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I intend to ask a number of experts to match five out of a possible ten team roles (recorder, chairman and so on) to five distinct stages of a project.

I cannot seem to find any source for determining how many raters I need in order to achieve sufficient inter-rater reliability. Does anyone know of a reliable source for calculating the number of raters needed?

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  • $\begingroup$ As far as I know, inter-rater reliability is unrelated to the number of raters you have. If you wanted to estimate the amount of inter-rater reliability that would exist in a population of raters, a larger sample should lead to narrower confidence intervals, but that's a different issue. If you just want your raters to be in closer agreement w/ each other, I might focus on polishing your materials &/or some training for your raters. $\endgroup$ – gung - Reinstate Monica Oct 23 '12 at 13:11
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Usually there are only 2 raters in interrater reliability (although there can be more). You don't get higher reliability by adding more raters: Interrarter reliability is usually measure by either Cohen's $\kappa$ or a correlation coefficient.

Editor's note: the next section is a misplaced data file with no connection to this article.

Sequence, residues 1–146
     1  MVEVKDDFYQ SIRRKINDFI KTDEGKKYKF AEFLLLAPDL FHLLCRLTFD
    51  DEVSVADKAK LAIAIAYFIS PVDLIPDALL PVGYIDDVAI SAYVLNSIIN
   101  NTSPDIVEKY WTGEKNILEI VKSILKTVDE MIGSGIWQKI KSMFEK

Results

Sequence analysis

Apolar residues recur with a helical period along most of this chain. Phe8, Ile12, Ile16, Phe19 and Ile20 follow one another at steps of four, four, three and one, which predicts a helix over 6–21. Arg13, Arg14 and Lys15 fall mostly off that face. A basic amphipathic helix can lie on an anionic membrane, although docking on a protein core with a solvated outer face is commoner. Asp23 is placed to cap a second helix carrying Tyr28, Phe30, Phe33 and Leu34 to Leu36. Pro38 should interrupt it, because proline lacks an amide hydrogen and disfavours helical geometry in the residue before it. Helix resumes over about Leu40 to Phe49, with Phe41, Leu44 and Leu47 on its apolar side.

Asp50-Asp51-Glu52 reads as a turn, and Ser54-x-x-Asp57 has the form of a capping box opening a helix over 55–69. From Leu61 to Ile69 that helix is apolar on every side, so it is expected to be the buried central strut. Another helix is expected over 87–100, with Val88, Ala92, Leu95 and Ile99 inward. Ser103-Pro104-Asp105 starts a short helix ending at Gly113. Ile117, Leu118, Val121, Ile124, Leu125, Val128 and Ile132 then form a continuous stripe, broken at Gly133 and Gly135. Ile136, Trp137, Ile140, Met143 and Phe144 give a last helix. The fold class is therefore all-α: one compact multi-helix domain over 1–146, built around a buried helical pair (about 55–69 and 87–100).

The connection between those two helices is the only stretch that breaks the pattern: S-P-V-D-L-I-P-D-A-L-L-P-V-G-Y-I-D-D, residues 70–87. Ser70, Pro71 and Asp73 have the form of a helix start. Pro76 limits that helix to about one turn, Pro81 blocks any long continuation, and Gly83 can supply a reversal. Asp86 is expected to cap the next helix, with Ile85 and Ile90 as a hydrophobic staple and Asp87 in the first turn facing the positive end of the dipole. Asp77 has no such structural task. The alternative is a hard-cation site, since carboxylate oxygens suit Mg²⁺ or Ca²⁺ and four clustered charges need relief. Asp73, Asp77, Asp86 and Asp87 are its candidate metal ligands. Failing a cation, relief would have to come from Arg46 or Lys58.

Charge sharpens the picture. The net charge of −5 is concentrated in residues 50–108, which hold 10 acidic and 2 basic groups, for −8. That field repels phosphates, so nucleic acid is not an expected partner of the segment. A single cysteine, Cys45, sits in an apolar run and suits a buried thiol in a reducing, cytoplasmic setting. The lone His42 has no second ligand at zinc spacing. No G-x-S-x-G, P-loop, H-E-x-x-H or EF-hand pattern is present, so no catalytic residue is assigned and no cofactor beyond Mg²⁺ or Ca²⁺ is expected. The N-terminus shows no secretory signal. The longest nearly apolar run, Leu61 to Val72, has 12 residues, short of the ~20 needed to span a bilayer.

You get higher reliability by having either better items or better raters.

The Wikipedia entry is not a bad place to start, and it has good references.

You may be confusing number of raters with number of items.

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  • $\begingroup$ Thanks @Peter. I read the Wikipedia entry, along with some other sources, but I found it hard to believe the reliability of one's results doesn't increase with the number of judges agreeing: three people agreeing on something seems stronger than two people doing the same, don't you think? $\endgroup$ – daniel_ev Oct 23 '12 at 13:02
  • $\begingroup$ That is not the question addressed by interrater reliability, odd as it sounds. $\endgroup$ – Peter Flom - Reinstate Monica Oct 23 '12 at 20:36
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I have read that when the number of raters increases from 2 to 4, the increase in reliability is quite significant.

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